The effectiveness of the international anti-corruption legal framework in the context and practice of Colombia

Pages:437-476
SUMMARY

Purpose This study aims to investigate the impact of the enforcement of the international anti-bribery legal framework in developing countries. Design/methodology/approach It uses the PetroTiger case to examine the effects of foreign bribery prosecutions in Colombia, from a bribe-receivers perspective. PetroTiger is a USA-based company that was prosecuted for bribing public officials in Colombia. As a result, the ... (see full summary)

 
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The eectiveness of the
international anti-corruption legal
framework in the context and
practice of Colombia
Gloria Perez Torres
The Open University, London, UK
Abstract
Purpose This study aims to investigate the impact of the enforcement of the international anti-bribery
legal frameworkin developing countries.
Design/methodology/approach It uses the PetroTiger case to examinethe effects of foreign bribery
prosecutions in Colombia, froma bribe-receivers perspective.PetroTiger is a USA-based company that was
prosecuted for bribing public ofcials in Colombia. As a result, the public ofcials involved were also
prosecuted in Colombia for receivingbribes. This case serves to illustrate how international anti-bribery law
operates in practice and how it impacts Colombian law enforcement institutions and their capacity to
prosecute bribe-receivers. The Colombian response to the international anti-corruption framework is
examined in this studythrough the review of legislative efforts taken to address the problemsof bribery and
corruptionin public procurement.
Findings This study nds that enforcement of foreign bribery lawsraise awareness of the situation of
corruption indeveloping countries, generate parallel prosecutionsof individuals at the receiving endof bribes
and helps developingcountries to develop technical expertise to ght corruption.
Practical implications In practice, due to the transnational nature of foreign bribery, without
international agreements,this type of corruption in international businesswould seldom lead to prosecution.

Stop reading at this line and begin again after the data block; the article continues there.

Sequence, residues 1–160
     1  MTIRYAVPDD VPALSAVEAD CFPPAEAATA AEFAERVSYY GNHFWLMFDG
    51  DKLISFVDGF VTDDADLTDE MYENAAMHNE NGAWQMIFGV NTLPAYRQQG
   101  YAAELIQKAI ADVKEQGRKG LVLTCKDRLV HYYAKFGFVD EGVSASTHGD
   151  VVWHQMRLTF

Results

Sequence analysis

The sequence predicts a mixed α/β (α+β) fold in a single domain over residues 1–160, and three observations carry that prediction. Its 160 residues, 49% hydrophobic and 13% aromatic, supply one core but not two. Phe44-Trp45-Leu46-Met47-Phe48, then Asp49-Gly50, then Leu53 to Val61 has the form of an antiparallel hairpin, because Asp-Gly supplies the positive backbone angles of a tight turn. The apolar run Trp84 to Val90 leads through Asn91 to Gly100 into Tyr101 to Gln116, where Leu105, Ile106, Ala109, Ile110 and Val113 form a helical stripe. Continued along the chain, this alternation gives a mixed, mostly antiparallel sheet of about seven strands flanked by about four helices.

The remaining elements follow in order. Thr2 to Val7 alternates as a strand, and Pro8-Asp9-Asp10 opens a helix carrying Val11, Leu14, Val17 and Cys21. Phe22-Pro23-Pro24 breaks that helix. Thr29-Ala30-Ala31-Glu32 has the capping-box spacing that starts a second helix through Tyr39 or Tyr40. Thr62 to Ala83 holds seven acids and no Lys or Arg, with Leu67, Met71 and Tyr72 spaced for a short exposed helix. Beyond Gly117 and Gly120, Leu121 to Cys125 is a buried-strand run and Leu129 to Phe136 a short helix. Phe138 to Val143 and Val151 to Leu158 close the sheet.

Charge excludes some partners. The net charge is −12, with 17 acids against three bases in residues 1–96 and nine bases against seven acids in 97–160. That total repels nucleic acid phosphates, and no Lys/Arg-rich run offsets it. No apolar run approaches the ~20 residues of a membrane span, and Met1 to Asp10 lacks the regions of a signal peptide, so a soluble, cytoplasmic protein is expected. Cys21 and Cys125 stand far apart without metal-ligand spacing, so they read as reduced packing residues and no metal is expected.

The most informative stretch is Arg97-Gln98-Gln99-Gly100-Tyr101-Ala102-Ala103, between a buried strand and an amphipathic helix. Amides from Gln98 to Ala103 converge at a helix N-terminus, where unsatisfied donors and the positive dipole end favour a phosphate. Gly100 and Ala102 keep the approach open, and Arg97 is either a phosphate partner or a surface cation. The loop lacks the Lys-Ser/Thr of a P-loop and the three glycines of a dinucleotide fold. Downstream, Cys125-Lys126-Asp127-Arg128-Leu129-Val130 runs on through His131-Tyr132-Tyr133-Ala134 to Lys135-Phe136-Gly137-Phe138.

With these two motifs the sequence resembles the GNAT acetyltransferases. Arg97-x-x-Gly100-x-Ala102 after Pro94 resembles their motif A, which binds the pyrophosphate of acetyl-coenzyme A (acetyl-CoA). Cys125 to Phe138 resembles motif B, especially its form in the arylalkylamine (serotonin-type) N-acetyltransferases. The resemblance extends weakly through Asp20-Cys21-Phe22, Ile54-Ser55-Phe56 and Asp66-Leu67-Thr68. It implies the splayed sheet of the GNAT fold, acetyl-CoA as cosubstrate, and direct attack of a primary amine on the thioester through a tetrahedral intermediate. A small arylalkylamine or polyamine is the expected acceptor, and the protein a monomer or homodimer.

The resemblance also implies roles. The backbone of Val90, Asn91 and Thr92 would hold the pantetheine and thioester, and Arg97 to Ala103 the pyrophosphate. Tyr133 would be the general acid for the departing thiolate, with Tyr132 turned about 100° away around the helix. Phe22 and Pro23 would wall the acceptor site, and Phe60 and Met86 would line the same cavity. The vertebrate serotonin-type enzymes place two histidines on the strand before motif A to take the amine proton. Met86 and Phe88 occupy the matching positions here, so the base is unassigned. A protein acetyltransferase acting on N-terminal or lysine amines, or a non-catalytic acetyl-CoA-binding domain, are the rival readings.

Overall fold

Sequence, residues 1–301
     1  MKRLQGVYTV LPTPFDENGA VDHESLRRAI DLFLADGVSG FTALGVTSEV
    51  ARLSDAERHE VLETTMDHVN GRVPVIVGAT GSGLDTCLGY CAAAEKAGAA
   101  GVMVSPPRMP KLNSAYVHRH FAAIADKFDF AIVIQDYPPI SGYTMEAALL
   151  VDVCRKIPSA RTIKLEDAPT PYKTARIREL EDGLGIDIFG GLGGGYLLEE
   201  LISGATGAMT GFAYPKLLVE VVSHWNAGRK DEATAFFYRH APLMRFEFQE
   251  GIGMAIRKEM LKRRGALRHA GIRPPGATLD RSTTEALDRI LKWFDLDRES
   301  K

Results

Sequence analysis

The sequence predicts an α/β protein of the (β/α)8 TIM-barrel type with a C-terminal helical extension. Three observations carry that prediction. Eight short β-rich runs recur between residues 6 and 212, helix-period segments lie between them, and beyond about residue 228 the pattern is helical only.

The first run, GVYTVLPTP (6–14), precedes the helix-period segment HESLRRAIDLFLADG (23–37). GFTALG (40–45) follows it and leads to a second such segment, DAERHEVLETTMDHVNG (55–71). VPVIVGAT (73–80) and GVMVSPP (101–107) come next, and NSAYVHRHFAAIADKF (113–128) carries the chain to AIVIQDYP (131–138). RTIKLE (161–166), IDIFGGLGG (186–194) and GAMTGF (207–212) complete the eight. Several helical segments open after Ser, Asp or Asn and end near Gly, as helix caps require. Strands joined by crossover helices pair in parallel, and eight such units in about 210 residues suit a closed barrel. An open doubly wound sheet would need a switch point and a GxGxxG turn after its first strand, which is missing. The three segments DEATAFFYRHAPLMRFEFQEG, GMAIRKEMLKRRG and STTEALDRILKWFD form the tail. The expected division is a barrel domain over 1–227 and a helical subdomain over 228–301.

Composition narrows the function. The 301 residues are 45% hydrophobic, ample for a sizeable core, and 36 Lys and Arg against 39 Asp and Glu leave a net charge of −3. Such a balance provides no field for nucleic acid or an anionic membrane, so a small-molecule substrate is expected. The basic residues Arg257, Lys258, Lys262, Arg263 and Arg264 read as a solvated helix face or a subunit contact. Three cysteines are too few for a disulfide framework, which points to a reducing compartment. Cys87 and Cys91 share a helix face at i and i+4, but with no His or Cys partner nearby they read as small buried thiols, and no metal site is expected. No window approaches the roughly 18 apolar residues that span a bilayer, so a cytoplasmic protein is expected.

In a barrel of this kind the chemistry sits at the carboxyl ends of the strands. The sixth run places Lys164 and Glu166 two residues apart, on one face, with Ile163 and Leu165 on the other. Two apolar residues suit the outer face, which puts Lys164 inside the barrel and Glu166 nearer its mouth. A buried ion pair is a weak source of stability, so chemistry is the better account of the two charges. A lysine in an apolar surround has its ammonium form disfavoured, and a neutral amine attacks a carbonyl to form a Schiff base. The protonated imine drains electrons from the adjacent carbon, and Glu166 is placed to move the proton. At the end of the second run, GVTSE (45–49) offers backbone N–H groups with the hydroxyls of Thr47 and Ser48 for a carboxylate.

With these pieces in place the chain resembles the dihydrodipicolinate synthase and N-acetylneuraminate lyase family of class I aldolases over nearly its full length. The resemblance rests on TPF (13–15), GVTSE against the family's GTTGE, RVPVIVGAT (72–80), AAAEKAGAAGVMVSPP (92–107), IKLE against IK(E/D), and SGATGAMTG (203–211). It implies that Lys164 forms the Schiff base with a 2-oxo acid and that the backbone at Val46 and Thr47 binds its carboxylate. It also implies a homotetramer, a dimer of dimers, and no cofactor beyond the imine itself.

Although the effectiveness of the enforcement of international anti-corruption law is debated, in reality,
prosecutions of foreign bribery by developed countries have more positive than negative implications for
developingcountries.
Social implications Assist to continueefforts to deter corruption.
Originality/value No many studies have looked at the effectivenessof anti-corruption international law
in developing countries. As indicated by Mr. Moulette Patrick head of Anti-Corruption Division at
organisationfor economic co-operation and development more researchon the effectiveness of the UN enacted
Conventionagainst Corruption, which is what this paper does.
Keywords Developing countries, AML, Anti-corruption, Anti-bribery,
Effectiveness of the enforcement of international anti-corruption law,
United Nations convention against corruption (UNCAC)
Paper type Case study
1. Introduction
On 8 November 2013, the US Federal Bureau of Investigations (FBI) led a criminal
complaint at the District Court of New Jersey against Joseph Sigelman, the former Chief
Executive Ofcer (CEO) of PetroTiger Ltd. He was accused under the Foreign Corrupt
Practices Act (FCPA) of bribery of a foreignpublic ofcial of the Colombian State-owned oil
company Ecopetrol (U.S. v Joseph Sigelman 12-2087). According to the FBI, Sigelman and
two other executives of PetroTiger, Knut Hammarskjold and Gregory Weisman, had paid
International
anti-bribery
legal
framework
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Journalof Financial Crime
Vol.27 No. 2, 2020
pp. 437-476
© Emerald Publishing Limited
1359-0790
DOI 10.1108/JFC-09-2019-0126
The current issue and full text archive of this journal is available on Emerald Insight at:
https://www.emerald.com/insight/1359-0790.htm
US$333,500 in bribes to David Duran, an employee at Ecopetrol, to obtain a US$39m
contract. Both Hammarskjold and Weisman pleaded guilty; however, Sigelman pleaded